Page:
Are there any additional coverage options?
Yes. Depending on which provider you choose for your landlord's insurance, you will get different additional coverage options such as:
- Guaranteed Income Insurance - covers you for lost income if you have to shut down your short term rental temporarily.
- Flood Insurance - flood coverage is rarely ever included in rental property insurance and is almost always offered as an additional plan. Flood damage can come from a natural sister or lousy plumbing. Either way, it's worth investing in, if your property is in a flood zone, but premiums can be very high.
- Emergency Coverage - emergencies happen from time to time, so it's best to get covered for them if you pay the premium. This unique cover will pay out for anything from a broken boiler to a lost key. It can even cover your travel expenses, if you have to visit the property yourself.
- Additional Construction Expenses - if your property gets damaged, this will cover any expenses incurred, bringing it back up to code.
- Vandalism Coverage - covers you if your tenants or general public vandalize your property.
How much does rental property insurance cost?
Unfortunately, rental property insurance costs as much as 15-25% more than homeowners' insurance. This is simply because having tenants in your home is seen as riskier than the homeowner living in his or her own home.
A rental property insurance policy also covers more than traditional homeowners' insurance.
Tenants can be unpredictable. Some are amazing, but others can be a nightmare. Premiums are also affected by the property's location, age of the property, and the condition of the property upon buying the policy.
You can speak with your property manager or local insurance agent for more advice on the best providers in your area, so that you get the best deal and coverage possible.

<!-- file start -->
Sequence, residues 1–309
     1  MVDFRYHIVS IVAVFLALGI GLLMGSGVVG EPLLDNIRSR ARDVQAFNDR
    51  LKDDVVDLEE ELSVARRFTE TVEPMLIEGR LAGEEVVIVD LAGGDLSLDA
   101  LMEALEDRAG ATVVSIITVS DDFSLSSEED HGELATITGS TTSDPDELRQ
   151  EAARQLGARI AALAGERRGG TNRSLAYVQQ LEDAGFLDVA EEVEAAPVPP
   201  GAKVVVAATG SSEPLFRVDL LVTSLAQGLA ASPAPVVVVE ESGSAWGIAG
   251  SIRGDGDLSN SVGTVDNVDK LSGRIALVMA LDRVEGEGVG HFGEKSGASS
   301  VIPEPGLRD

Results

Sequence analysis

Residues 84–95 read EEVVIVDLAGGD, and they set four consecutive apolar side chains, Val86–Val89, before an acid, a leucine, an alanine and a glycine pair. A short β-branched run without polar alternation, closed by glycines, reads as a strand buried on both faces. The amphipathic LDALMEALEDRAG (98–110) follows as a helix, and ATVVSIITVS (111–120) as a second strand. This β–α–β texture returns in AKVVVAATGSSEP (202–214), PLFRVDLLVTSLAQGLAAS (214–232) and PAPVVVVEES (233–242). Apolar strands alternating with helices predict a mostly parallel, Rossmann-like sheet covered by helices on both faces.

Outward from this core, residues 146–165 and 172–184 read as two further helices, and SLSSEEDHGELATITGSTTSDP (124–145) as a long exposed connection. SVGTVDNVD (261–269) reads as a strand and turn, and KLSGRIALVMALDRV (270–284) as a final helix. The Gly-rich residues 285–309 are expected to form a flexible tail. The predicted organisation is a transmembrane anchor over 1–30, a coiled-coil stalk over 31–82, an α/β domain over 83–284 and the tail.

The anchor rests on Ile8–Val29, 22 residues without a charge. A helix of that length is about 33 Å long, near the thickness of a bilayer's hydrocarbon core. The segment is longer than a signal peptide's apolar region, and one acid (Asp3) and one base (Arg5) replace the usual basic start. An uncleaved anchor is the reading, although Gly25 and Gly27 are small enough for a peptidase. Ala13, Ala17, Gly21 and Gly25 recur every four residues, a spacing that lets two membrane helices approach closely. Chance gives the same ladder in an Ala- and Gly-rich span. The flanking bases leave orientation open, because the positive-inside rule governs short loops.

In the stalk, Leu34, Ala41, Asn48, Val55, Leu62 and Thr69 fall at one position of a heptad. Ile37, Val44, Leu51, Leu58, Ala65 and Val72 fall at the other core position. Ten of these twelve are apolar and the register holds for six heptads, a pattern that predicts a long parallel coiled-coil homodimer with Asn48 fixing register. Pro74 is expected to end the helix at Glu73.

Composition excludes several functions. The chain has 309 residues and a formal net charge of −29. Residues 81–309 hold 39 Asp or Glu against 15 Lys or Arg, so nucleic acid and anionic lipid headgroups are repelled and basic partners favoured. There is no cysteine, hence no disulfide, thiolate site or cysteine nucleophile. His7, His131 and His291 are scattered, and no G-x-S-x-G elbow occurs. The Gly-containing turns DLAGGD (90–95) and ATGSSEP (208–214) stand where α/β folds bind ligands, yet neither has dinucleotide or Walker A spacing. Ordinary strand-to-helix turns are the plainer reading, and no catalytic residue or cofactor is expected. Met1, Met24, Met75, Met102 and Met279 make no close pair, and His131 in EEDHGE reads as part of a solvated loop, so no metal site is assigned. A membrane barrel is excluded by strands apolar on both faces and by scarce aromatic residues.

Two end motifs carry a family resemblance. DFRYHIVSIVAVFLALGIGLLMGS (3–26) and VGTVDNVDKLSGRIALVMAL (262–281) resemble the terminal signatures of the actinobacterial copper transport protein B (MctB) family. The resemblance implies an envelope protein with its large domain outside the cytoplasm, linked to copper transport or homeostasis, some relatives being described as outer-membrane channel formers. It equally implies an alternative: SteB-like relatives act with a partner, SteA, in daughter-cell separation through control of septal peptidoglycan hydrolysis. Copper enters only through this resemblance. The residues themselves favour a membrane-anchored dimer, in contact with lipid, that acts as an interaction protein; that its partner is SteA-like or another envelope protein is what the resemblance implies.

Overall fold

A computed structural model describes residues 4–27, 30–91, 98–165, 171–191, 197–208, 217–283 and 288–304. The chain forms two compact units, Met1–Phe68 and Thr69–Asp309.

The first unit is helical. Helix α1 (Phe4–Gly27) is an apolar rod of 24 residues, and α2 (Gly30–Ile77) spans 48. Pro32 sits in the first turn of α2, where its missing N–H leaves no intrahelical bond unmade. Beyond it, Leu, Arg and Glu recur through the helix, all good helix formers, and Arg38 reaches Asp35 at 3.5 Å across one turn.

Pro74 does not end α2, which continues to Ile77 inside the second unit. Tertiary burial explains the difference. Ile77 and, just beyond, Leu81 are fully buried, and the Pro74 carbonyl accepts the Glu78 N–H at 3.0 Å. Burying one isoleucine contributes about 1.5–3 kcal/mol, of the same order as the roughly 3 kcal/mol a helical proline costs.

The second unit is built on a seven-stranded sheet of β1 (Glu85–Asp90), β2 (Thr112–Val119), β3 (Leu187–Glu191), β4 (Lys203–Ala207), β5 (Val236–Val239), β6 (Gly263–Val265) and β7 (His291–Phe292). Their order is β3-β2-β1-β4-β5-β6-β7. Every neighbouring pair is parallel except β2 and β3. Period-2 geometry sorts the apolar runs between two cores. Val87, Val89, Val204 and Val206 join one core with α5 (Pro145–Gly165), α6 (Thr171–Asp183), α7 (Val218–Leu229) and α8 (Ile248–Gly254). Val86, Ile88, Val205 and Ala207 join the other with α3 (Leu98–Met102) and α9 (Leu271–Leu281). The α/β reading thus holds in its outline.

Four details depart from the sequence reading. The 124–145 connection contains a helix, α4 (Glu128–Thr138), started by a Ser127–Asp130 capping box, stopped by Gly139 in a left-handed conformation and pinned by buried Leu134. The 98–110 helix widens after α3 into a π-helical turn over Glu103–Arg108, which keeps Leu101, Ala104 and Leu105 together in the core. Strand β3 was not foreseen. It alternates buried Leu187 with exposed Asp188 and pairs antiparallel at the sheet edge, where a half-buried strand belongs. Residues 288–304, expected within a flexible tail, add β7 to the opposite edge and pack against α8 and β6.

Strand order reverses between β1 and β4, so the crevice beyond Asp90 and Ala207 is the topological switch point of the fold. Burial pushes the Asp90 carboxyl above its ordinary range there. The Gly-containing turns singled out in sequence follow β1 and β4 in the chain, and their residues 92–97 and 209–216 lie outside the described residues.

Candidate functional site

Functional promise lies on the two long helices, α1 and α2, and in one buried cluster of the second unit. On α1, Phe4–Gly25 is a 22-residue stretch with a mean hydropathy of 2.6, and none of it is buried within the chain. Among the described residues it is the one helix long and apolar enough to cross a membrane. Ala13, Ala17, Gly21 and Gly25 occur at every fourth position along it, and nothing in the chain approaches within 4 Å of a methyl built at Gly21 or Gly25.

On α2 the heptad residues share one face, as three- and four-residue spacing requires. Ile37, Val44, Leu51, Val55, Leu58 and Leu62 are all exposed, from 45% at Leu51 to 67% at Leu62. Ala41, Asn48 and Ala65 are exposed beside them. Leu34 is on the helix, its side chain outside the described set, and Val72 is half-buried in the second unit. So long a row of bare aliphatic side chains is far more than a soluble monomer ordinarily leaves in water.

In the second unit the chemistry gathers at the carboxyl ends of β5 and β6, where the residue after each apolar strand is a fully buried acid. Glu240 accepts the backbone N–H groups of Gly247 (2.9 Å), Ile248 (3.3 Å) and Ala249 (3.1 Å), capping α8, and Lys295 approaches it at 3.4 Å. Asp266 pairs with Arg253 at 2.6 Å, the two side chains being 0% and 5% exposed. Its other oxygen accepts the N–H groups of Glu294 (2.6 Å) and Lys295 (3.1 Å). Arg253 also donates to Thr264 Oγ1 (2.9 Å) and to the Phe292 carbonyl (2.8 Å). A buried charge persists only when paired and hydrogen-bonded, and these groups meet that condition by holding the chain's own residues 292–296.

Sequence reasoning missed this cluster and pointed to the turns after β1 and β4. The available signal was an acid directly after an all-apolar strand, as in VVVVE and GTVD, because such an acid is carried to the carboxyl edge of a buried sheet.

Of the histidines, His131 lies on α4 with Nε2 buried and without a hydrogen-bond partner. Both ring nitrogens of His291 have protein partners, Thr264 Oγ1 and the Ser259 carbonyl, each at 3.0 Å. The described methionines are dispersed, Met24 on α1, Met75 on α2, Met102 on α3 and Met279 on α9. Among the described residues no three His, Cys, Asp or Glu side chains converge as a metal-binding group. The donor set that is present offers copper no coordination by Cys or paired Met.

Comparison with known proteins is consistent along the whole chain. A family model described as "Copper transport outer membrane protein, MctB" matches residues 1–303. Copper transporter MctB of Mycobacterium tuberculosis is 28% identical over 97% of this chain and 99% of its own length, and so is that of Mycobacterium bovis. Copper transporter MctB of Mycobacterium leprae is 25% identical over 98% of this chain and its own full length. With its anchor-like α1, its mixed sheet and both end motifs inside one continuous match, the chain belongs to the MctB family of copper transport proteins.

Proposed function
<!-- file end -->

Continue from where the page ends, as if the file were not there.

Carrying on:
The national average cost for rental property insurance is around $1,350. Make sure you always compare policies and get at least three different quotes before committing to any one on a whim.
Here is the list of the best property insurance policies in 2020, as provided by thebalance.com:
- Liberty Mutual: Best for Inflation Protection
- Allstate: Best for Policy Bundling
- State Farm: Best for Additional Structures Coverage
- Foremost: Best for the Multiple States
- American Modern: Best for 10 or More Units
- MetLife: Best for Condo Owners
- USAA: Best for Military Members
- American Family: Best Landlord Insurance for Optional Medical Expenses
3 top tips for buying rental property insurance
To make the best insurance purchase possible, use these simple tips as guidance:
Do your due diligence
Don't get lazy about the details when it comes to buying insurance. Reading the T&Cs thoroughly can save you thousands of dollars in the long-run.
Make sure you read every part of the policy to ensure you understand what you're covered for and what is not covered. If you need help, ask your property manager to assist you with the process and don’t forget to ask him or her a lot of questions!
Go with a reputable provider
It can be tempting to snap up what looks like a great deal with a lesser-known provider. But be warned, getting the best policy is just one piece of the puzzle. You want to make sure that your provider is financially sound, organized, rated well by existing customers, and has quality customer service.
Remember, when things go wrong, you will be turning to your provider for help. If they provide terrible customer service or sneak in some minor detail that you weren't aware of, this omission of due diligence will be making your life ten times more difficult.
You don't want to report a fire at your property, only to find out you're not covered because of some small detail in the fine print of your contract.
Therefore, do your research and make sure your chosen provider can meet your needs!
Get extra coverage if you can afford it
If you have the spare cash, get the additional coverage options. Essentially, it's better to be over-covered than under-covered. Premiums for additional coverage can be expensive, but they may save you a small fortune if something does go wrong.